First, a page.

When the Turkish government recently announced it was scrapping national security lessons from the high-school curriculum, the move was welcomed as an important step toward eradicating the militarist ideology taught to generations of school children, which fuelled an aggressive nationalism and created internal social divisions.
Prime Minister Recep Tayyip Erdoğan, who rarely misses an opportunity to engage in polemic, has unfortunately overshadowed this very positive step by expressing the wish to “bring up a religious generation,” a remark which, in Turkey’s polarized atmosphere, was inevitably interpreted by his secular opponents as an attempt to replace the Kemalist ideology with religion.
It may not be his intention at all, but his statement set the cat among the pigeons and reinforced political divisions. I found the prime minister’s response to his critics -- “Should we have a generation of tinerci [solvent sniffers] instead?” -- particularly revealing because in recent years, I have on several occasions come across conservative people in Turkey who were convinced that only the fear of God could keep people on the straight and narrow, and that, by extension, it was impossible to be a decent human being without being religious. Only recently, I had a long discussion with a woman I’ve known for years, who asked me about my beliefs. Being devout herself, she was horrified and downright confused when I told her I was not religious. “It is impossible, because you are a good person,” she stated categorically.
If it is wrong for arch-secularists to dismiss religious people as backward and uneducated, it is also a mistake to believe that notions of decency and justice can only flourish in a religious context. Many of the virtues held dear by religious people, such as honesty, generosity, compassion or dignity, are of equal importance to humanists of all stripes the world over, who may never have seen the inside of a church or a mosque.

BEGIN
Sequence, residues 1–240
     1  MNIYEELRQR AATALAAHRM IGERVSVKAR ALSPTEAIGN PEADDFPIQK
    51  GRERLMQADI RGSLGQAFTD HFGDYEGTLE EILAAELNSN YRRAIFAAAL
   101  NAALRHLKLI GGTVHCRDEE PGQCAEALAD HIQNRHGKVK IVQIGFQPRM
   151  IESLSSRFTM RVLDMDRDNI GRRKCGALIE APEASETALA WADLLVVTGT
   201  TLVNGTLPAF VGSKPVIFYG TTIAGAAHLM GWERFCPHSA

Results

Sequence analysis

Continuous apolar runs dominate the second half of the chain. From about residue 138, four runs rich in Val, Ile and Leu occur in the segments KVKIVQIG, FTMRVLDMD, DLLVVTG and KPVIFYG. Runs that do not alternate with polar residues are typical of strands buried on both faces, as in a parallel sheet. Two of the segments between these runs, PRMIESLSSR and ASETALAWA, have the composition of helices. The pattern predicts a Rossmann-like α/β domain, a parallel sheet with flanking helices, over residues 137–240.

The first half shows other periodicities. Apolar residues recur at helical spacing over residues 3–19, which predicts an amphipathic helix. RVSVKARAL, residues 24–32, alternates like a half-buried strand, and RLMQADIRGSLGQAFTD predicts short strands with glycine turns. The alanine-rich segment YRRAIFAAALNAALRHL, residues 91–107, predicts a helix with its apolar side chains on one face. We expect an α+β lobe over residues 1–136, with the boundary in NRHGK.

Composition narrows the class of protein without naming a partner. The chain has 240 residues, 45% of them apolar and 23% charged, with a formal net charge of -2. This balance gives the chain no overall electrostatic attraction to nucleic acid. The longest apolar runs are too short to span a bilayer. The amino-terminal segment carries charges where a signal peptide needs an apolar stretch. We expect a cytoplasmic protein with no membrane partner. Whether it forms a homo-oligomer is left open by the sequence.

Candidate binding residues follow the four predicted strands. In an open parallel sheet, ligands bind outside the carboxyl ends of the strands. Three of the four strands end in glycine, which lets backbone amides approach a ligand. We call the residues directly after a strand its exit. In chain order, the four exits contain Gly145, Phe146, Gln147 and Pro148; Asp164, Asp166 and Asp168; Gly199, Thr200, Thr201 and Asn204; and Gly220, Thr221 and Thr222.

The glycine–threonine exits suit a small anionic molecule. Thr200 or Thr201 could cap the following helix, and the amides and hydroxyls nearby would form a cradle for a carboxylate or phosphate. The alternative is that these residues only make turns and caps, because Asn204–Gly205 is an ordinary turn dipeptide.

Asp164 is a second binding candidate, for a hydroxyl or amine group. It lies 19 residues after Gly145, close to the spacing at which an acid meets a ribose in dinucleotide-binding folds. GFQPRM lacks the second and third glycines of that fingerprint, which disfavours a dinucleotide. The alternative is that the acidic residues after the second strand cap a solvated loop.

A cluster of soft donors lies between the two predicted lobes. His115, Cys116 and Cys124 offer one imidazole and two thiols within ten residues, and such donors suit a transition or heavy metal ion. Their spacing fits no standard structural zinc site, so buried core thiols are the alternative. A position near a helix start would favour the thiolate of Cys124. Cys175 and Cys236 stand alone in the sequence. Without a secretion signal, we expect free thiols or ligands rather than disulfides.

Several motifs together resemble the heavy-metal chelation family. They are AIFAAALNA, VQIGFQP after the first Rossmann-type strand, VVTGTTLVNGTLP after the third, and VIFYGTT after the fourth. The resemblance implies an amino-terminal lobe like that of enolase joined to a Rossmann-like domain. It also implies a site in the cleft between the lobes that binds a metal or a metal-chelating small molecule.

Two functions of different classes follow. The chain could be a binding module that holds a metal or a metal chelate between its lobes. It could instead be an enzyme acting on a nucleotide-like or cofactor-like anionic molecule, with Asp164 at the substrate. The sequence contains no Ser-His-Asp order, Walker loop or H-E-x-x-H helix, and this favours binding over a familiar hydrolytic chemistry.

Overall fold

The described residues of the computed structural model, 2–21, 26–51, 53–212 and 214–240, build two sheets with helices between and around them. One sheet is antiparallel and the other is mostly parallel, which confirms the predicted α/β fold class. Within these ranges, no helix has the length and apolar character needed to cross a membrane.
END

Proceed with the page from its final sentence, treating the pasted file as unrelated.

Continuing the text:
Many people, be they Muslim, Christian, Jewish, Buddhist or adherents of other religions, rely on their faith to support and guide them through life, and they should be respected for it and allowed to practice it freely. But being an atheist or having a sense of spirituality without actually belonging to any of the world’s religious communities does not preclude having a conscience and strong principles, and wanting to treat others as one wants to be treated.
Conversely being taught religion in class hardly offers foolproof guarantee of “goodness.” As we all know, plenty of horrible deeds have been committed, and are still committed, under the cover of religion. The Vatican closed its eyes for decades to the grievous child abuse committed by many Catholic priests around the world, for example. Violent crimes, particularly against women, are also committed in the name of Islam by people who seem to have little of the sense of justice and compassion that their religion teaches.
Wanting to bring up young people with a solid sense of ethics and of respect for the rights of others, beyond the materialism that seems to prevail all over the world, is of course a worthy, and perfectly valid, goal to pursue. But it is not one that is best achieved by imposing a specific form of religion in class. Ultimately, since the best education is gained through learning from role models and adopting the best practices, applying values of tolerance, understanding and respect for the rights of other human beings, whatever their political views and their religious beliefs, or indeed absence thereof, to the political arena would be a good place to start.